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Coaching Corner

Here in the Westside Little League's 'Coaches Corner', you'll find coaching resources, helpful hints, tips, tricks, and drills that will help both you and your players reach our two primary goals: to LEARN and to HAVE FUN!

Fortunately for us, Little League International has put together a very cool, web-based and mobile-friendly platform to deliver these tips, tricks, drills, and idea called 'Little League University', or Little League U! It's 100% free and 1,000% fun & informational!

Visit Little League U today! Just click the logo below and get ready to learn! 

The Matheny Manifesto

When folks think of Little League, they often think of the proverbial "Little League Parent" - right along with all the negative connotation and stigma which that term carries. Are those folks out there? You bet'cha! Is that what the Little League game is really all about? ABSOLUTELY NOT.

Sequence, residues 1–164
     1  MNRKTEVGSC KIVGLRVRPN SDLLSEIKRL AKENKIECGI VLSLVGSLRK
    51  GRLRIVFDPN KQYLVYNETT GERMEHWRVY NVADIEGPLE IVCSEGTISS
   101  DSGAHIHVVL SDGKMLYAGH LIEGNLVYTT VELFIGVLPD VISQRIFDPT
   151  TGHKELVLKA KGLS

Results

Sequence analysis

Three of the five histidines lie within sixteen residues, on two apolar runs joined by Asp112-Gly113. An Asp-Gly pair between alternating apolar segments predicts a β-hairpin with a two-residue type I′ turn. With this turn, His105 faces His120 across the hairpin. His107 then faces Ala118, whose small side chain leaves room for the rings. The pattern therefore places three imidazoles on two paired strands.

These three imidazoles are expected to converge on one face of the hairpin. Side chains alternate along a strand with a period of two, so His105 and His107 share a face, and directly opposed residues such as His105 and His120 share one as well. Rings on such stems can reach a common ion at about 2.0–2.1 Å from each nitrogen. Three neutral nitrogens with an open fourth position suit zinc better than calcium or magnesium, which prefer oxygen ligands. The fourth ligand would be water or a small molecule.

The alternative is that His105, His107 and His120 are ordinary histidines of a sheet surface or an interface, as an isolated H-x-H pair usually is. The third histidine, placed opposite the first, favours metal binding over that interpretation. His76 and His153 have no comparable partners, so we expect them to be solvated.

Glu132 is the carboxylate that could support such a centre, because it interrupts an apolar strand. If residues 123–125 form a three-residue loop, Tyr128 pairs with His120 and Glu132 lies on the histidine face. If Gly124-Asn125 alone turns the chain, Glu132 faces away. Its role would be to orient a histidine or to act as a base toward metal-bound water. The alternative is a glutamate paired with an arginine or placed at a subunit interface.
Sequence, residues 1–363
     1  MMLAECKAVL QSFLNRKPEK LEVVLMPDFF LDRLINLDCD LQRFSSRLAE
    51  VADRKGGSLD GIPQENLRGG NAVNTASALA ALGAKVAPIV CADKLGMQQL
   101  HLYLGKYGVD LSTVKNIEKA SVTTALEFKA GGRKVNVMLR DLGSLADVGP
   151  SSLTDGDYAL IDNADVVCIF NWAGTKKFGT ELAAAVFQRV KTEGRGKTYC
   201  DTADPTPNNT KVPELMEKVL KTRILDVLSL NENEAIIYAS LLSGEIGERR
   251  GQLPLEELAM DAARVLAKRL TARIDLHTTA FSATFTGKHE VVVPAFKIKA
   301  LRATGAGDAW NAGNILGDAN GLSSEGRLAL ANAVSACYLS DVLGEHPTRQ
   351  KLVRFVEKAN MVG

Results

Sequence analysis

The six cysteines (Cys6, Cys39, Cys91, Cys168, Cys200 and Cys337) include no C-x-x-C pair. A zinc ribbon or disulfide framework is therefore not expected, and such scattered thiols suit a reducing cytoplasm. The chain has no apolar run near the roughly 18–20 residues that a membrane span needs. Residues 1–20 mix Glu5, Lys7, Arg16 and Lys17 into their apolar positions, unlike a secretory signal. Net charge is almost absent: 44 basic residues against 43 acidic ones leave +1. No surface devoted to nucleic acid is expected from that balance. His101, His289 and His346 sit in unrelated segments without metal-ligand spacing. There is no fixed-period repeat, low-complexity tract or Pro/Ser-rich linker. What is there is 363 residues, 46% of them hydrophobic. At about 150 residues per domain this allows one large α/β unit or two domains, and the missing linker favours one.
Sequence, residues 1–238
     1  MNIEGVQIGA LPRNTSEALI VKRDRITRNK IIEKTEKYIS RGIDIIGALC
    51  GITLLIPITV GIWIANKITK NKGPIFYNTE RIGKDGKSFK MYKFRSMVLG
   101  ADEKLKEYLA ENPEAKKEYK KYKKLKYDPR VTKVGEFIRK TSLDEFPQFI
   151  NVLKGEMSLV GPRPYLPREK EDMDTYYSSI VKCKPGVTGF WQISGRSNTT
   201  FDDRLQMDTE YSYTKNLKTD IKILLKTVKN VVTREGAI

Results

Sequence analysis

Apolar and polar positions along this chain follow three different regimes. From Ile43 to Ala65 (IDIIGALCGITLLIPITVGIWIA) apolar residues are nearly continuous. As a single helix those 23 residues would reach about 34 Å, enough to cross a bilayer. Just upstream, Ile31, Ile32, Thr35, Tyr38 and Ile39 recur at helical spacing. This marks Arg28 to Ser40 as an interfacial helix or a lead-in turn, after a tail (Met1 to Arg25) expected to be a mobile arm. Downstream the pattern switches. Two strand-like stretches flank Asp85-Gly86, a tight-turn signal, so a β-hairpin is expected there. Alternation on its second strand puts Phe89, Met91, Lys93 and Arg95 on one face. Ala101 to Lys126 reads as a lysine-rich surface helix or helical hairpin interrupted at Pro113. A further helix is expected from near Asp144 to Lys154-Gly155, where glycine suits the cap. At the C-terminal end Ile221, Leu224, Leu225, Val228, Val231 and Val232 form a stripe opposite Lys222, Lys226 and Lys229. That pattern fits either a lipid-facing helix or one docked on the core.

With that in mind, the info below from esteemed former Major League Baseball player and current coach, Mike Matheny - a Little League Volunteer himself, in addition to his professional coaching duties - could not capture the feelings of our League's mission and desire any more accurately... nor more bluntly! So please, take a moment to read - and take as many moments as you'd like to let this sink in! 

In 2008, some local parents approached current St. Louis Cardinals manager, Mike Matheny about coaching their youth baseball team the following spring. One night, he wrote a long letter to the parents outlining guidelines and rules that would have to be in place if he were to manage the team, a team that would include his ten-year-old son. The letter eventually became the book, The Matheny Manifesto, an eye-opening, honest look at the role parents should play in today’s youth sports.

(Read his exclusive interview with Little League here, after reading his letter below!)

Letter from Mike Matheny.....